Eager to scale up in a region where Occidental was already a dominant player, Ms. Hollub approached Anadarko CEO Al Walker, who like a number of other energy executives began coming under pressure in late 2017 from shareholders who wanted the company to focus more on profitability than growth.
The discussions on a potential deal picked up in earnest in recent months as it became clear that an Anadarko project on the other side of the world was running into trouble: A discovery of huge quantities of natural gas off the coast of Mozambique would cost billions more to develop than some investors expected.
The company had yet to make a final decision whether to build the infrastructure that would be needed to bring the gas to market, but angst surrounding the project was enough to shave about 25% off Anadarko's stock in the year ending April 11, the day before its deal with Chevron was announced. That decline came along with an unexpected plunge in oil prices and despite Anadarko's multibillion-dollar share-repurchase program.
Mr. Walker, a former banker, had long been seen as the man who would sell Anadarko, a company oil giants such as Exxon Mobil Corp. and Chevron had been stalking for years. Mr. Walker had helped Anadarko expand with several big deals more than a decade before.
A resident of San Diego who travels back and forth to Anadarko's Houston-area headquarters in a Gulfstream jet, Mr. Walker had a preference for any deal with a company like Exxon or Chevron that has the wherewithal to operate a diverse array of assets from deep-water projects in the Gulf of Mexico and Africa to lucrative shale opportunities in Colorado and the Permian Basin, according to people familiar with his views.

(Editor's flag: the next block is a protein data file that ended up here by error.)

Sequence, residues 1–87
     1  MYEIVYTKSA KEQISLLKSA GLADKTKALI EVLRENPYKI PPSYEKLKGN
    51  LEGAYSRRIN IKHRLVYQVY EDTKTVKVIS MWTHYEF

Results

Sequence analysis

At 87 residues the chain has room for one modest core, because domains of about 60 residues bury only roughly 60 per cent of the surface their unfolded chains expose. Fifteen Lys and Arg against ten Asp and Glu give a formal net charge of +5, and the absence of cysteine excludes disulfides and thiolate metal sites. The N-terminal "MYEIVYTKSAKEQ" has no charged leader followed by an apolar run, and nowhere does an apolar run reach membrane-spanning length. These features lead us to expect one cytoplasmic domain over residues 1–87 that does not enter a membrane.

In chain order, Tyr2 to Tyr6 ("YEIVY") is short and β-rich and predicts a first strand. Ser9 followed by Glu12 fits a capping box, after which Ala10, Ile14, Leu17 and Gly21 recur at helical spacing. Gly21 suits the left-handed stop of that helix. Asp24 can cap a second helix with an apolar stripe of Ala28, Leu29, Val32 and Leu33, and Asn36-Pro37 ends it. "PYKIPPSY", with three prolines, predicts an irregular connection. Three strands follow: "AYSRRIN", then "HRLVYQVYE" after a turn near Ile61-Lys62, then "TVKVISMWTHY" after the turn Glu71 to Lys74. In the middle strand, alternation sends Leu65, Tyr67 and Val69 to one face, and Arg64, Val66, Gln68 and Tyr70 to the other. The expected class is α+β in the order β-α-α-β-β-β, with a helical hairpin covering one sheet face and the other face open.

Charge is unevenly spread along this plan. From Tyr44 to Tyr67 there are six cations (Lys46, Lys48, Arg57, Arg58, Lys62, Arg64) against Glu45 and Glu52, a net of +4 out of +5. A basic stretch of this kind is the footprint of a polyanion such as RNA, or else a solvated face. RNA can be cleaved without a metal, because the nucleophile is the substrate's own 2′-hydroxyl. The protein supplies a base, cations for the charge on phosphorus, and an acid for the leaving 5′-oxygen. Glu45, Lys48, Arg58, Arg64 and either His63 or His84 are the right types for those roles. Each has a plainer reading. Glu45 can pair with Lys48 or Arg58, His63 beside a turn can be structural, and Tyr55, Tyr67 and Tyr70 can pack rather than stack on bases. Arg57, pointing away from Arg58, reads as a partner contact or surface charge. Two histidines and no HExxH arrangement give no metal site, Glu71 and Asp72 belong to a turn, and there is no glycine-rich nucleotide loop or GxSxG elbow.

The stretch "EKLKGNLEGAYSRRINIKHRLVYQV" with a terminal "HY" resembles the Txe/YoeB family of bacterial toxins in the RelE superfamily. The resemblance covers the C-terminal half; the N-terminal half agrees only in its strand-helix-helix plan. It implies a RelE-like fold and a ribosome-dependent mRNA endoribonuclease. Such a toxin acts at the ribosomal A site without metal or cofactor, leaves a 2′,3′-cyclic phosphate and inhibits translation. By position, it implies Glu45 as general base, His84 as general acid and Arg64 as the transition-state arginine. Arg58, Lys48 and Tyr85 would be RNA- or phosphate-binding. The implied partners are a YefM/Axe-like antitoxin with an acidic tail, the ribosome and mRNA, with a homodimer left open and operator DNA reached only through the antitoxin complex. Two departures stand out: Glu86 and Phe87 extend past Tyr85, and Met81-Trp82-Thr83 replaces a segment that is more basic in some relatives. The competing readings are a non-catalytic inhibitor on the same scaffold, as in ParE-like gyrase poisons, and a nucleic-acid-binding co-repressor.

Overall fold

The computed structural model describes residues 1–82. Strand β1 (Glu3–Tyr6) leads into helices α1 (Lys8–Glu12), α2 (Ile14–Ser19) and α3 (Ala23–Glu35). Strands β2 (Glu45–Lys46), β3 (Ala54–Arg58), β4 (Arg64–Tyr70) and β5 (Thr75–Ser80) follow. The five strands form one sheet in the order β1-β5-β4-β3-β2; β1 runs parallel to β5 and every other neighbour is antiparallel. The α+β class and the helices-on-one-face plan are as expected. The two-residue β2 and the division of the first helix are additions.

Meanwhile at Chevron, Mr. Wirth sensed an opportunity in Anadarko. After taking the reins about a year earlier, he was looking for a transformative deal that would allow the company to improve its vast pool of assets, according to people close to Mr. Wirth.
He saw a deal as a catalyst to allow Chevron to sell off billions of dollars of older properties and create steady growth opportunities that throw off a lot of cash, these people said.
The discussions between Chevron and Anadarko proceeded quickly, people close to the deal said. Even as Occidental's Ms. Hollub continued to communicate with Anadarko's Mr. Walker through calls and text messages, the talks with Chevron reached a serious stage, the people said.
On April 8, Occidental revised an earlier offer of about $76 a share to about $72 a share and changed terms that would have protected the value of the proposal in the event the company's share price declined, according to a person familiar with the negotiations.
On April 11, Occidental revised its offer upward, but Anadarko viewed Chevron's bid as superior and feared that entertaining Occidental's new proposal would lead the larger company to walk away, which it had threatened to do before, the person said.
Write to Bradley Olson at Bradley.Olson@wsj.com and Cara Lombardo at firstname.lastname@example.org
(END) Dow Jones Newswires
May 01, 2019 02:47 ET (06:47 GMT)